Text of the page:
Review by Derrick Carter
Running Time: 1 hour 31 minutes
MPAA Rating: R for Language and some Violence/Terror
Directed by: Bryan Bertino
Written by: Bryan Bertino
Starring: Zoe Kazan, Ella Ballentine, Aaron Douglas, Scott Speedman & Christine Ebadi
Bryan Bertino made audiences scream with his simple, but effective home-invasion horror flick THE STRANGERS. Though that film has its detractors and is far from perfect, I vividly remember watching THE STRANGERS in a theater on its opening weekend and it was a crowd experience. Bertino couldn’t keep his high quality going with his disappointing sophomore effort MOCKINGBIRD, which just might be the worst found footage film I’ve ever sat through and that’s a mighty terrible feat. My expectations weren’t exactly high for THE MONSTER (Bertino’s third film) which has a simple premise, generic title, and an okay-at-best trailer. Color me surprised though, because THE MONSTER is horror story that packs scares and emotional gut-punches in equal measure.
Lizzy (Ella Ballentine) is a frustrated 10-year-old who’s had it with her abusive junkie mother Kathy (Zoe Kazan)’s shit. In an effort to live a better life, Lizzy is taking a permanent vacation to her father’s house. This decision is killing Kathy on the inside and she’s trying to make the most of her final mommy-daughter moments. While on a deserted backroad in the middle of a storm, Kathy’s car hits a wolf and spins out of control. Lizzy and Kathy quickly discover that the wolf was actually a meal for a bloodthirsty monster, which has now set its hungry sights set on the two of them.
THE MONSTER mostly takes place on a deserted stretch of wooded backroad. The film did not have a massive budget behind it, but it covers that possibly crutch by regulating its titular beast into the shadows for most of the running time. In fact, it’s a good long while before THE MONSTER’s monster rears its ugly head. This storytelling tactic is rather refreshing though, because that screen time is spent developing the two main characters and amping up the tension in waiting for the inevitable to happen. The character development of this mother-daughter pair also makes everything so much more effective when shit eventually hits the fan.
It certainly helps that the two leading ladies do a phenomenal job with the material. Ella Ballentine seems pretty damn mature for her age and is able to convincingly capture this emotionally damaged daughter’s feelings. Zoe Kazan is also oddly sympathetic as the not-so-great mother. We get glimpses of Kazan’s character in the flashbacks, which paint a pretty damning picture of her. However, Bertino and Kazan still manage make this character into someone worth caring about and (dare I say) rooting for. The pairing of Ballentine and Kazan really helped sell this B-movie-sounding material. THE MONSTER’s script is a simple creature feature that happens to have a ton of well-written family drama placed into its core.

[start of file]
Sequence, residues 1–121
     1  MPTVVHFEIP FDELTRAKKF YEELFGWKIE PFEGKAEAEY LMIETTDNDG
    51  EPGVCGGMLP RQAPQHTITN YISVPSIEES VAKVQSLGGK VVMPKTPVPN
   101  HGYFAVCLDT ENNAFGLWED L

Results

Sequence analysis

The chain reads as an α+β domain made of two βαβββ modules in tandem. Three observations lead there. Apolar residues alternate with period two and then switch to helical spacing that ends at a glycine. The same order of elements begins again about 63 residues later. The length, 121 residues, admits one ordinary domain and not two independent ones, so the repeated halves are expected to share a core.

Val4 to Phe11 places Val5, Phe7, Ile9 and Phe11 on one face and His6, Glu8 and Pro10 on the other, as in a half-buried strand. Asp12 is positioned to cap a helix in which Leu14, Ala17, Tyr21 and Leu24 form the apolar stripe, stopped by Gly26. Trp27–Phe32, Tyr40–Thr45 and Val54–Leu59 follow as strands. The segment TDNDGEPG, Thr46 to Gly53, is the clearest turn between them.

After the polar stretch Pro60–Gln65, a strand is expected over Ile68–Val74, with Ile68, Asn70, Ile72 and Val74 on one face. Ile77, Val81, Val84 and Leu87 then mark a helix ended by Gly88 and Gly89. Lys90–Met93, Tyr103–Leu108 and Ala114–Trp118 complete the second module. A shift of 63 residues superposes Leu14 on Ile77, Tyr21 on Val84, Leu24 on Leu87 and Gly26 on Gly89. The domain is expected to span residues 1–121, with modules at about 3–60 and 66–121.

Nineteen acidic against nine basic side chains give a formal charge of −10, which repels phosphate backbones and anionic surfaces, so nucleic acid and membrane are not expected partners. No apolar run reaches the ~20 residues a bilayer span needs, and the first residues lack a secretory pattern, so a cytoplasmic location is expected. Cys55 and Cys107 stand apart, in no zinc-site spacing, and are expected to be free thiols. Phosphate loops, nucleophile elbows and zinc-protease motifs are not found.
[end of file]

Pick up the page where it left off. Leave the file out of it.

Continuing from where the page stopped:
Where THE MONSTER encounters a few problems are in its creature design. While Bertino wisely keeps his beastie off-screen for as long as possible, he does reveal far too much of it in certain moments. The titular antagonist basically looks like a buffed-up version of Zuul from GHOSTBUSTERS. While there are a few tense scenes of it attacking folks, these are mostly shown in bits of quick editing and the full-blown views of buff Zuul…er, I mean, THE MONSTER’s monster that look too silly. These out-of-place campy bits aren’t enough to detract from the film’s rock-solid acting, slick cinematography, and creepier less-is-more attitude. However, the full-blown shots of the monster stick out like a sore thumb.
Overall, THE MONSTER shocked me. I wasn’t expecting too much from this film, but received a well-acted, mostly well-executed horror story that had an emotional core as its driving force. Despite its generic title, THE MONSTER’s main focus isn’t its monster. Instead, this is a story about a mother and daughter caught in a terrifying situation that happens to involve a monster. The plot also plays out in an almost fairy-tale-esque manner that may make a few viewers shed a tear or two. If you’re into that sort of thing, THE MONSTER is well worth a look!